I had two phone calls today that started My snow has fleas."
Excuse me?" I replied, assuming that Snow" was the name of their cat or dog.
However, in both cases the descriptions were the same. Millions of small insect-like critters - about the size of a
speck of dirt - covered en masse on top of the snow.
Upon closer inspection, these small creatures, known as snow fleas (a species of a larger group called springtails),are not even true insects. They are actually classified as Entognathous hexapods, which is a separate group from the
I know, useless information.
But the interesting thing is that springtails are minute arthropods that have a distinct means of locomotion: they hop,much like fleas.
These arthropods have a fork-like structure (called furcula) at the hind end that is hooked under their abdomen. When
they want to move, they release their spring-loaded furcula, launching themselves into the air. Because they really
can't control their direction, where they land is anybody's guess.
Why they come to the snow's surface is also up to interpretation. No one really knows why they seem to magically
appear" on top of the snow. There are those who believe that they are attracted to algae growing on the snow's surface
(note to self: don't eat any snow, much less the yellow stuff); others think that this migration to the surface is a
reaction to overcrowding and a lack of food.
Perhaps they are like the rest of us this winter, and are sick and tired of continually being buried by the snow and
may be making a break to somewhere warm. Unfortunately for them, the channels and tunnels they carved to get to the
surface are not there when the sun goes down and the temperature drops. This creates a challenge for anything that is 1
to 2 mm long, and many of them are trapped and ultimately die.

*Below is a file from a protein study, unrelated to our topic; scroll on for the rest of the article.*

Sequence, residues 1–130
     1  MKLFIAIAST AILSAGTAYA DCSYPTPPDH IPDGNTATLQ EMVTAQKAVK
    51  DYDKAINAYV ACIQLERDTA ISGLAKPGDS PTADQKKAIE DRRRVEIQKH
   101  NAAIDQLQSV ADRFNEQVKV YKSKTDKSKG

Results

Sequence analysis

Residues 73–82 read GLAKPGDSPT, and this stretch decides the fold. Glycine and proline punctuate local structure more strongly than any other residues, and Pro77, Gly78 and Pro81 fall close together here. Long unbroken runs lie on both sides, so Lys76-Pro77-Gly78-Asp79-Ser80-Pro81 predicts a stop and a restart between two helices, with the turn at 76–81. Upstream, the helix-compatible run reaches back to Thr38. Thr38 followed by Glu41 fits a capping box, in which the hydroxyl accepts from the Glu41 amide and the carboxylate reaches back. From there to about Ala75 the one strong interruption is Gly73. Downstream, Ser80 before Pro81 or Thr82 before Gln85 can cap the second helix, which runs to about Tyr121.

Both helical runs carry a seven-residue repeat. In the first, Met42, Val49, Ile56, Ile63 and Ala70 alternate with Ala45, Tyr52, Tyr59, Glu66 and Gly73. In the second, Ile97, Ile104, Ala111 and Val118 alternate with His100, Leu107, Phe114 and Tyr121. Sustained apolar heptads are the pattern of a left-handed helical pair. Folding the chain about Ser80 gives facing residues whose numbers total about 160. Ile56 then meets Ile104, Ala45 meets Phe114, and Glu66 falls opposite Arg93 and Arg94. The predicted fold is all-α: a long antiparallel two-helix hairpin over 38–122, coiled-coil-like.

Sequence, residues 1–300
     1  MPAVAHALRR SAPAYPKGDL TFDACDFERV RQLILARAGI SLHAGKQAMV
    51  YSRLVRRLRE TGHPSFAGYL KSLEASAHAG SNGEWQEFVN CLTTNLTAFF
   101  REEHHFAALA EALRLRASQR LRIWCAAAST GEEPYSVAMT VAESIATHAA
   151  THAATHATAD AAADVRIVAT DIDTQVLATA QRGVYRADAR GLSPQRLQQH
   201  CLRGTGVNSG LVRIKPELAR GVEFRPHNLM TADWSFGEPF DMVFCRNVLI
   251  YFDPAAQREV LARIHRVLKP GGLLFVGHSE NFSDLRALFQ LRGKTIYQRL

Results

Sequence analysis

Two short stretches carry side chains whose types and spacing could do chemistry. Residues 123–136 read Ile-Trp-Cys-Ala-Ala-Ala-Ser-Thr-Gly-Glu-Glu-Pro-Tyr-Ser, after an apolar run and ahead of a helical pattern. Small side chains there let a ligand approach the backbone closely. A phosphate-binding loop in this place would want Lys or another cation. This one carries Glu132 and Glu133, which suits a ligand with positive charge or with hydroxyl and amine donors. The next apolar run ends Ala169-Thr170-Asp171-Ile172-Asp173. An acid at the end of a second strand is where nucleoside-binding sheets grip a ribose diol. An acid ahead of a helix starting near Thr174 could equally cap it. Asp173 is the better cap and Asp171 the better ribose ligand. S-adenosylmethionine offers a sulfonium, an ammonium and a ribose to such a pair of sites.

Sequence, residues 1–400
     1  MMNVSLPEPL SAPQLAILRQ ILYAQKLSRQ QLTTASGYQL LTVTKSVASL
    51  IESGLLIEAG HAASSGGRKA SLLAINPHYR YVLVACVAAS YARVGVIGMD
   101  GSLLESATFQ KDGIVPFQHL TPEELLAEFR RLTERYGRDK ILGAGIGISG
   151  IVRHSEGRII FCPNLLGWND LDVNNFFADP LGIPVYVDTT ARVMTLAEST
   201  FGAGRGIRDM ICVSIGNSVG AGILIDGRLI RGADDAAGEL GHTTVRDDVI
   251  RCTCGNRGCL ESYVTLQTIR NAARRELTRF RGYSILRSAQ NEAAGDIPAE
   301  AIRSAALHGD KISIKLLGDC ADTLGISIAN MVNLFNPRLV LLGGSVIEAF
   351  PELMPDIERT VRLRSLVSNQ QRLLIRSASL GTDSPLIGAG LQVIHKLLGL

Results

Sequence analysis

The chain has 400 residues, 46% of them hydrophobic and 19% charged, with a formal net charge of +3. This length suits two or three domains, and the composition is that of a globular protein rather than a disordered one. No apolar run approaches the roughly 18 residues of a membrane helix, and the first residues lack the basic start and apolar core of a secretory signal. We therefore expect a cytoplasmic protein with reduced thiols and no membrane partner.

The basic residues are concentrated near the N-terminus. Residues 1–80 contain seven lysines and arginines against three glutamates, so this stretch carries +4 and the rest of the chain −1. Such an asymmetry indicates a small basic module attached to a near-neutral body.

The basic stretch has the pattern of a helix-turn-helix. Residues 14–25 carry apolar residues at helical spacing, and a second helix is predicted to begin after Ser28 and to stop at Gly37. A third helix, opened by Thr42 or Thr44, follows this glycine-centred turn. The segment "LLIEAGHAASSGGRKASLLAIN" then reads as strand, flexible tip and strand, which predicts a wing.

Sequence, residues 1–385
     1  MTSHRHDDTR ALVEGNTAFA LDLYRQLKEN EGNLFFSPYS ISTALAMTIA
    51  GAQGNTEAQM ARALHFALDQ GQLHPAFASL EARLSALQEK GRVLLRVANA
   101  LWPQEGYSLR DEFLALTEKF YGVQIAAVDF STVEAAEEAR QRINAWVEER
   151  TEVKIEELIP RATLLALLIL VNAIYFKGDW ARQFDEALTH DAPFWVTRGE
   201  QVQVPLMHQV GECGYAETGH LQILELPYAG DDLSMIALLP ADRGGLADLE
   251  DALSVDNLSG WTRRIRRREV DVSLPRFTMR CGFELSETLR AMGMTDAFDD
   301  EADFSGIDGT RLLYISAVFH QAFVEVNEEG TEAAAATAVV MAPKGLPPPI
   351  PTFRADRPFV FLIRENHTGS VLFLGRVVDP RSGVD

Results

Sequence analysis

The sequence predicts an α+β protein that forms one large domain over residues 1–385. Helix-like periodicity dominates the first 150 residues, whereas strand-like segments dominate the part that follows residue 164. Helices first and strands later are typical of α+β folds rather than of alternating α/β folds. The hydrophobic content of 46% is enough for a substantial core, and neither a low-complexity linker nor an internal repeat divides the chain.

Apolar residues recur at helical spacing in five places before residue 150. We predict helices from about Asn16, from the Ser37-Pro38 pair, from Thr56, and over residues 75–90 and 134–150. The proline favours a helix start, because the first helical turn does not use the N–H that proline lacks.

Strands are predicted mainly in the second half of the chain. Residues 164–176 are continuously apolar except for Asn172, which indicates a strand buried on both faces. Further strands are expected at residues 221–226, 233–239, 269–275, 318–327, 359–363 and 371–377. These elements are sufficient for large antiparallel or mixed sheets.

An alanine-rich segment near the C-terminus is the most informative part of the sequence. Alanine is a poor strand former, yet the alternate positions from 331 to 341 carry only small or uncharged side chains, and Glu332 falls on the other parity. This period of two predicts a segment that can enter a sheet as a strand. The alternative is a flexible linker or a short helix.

Typically, we see them more often toward the end of winter as temperatures rise, so the fact I have had the multiple
inquiries into my office this week is somewhat uncommon.
So this got me thinking. Punxsutawney has its groundhog. Alaska has its marmots. Maybe we should have our snow fleas.
When they come out on those rare occasions in early February maybe it means spring will arrive early.
Not unlike many terrestrial bugs," springtails are present throughout our uppermost soil layers. They are decomposers
and in moist conditions with high amounts of organic matter, ridiculously high numbers may exist - upwards of thousands
per square foot. But the good thing is that, unlike the fleas that are external parasites and feed off the mammalian
blood, these snow fleas do not bite and are not dangerous to humans and other large animals.
If insects (or insect look-alikes) intrigue you, check out any book by Dr. Whitney Cranshaw, an entomologist with
Colorado State University. This guy knows more about arthropods (including snow fleas) in the Rocky Mountain region
than anyone I have ever met.
co.us or 382-6464.
Darrin Parmenter is director and horticulture agent of the La Plata County Extension Office.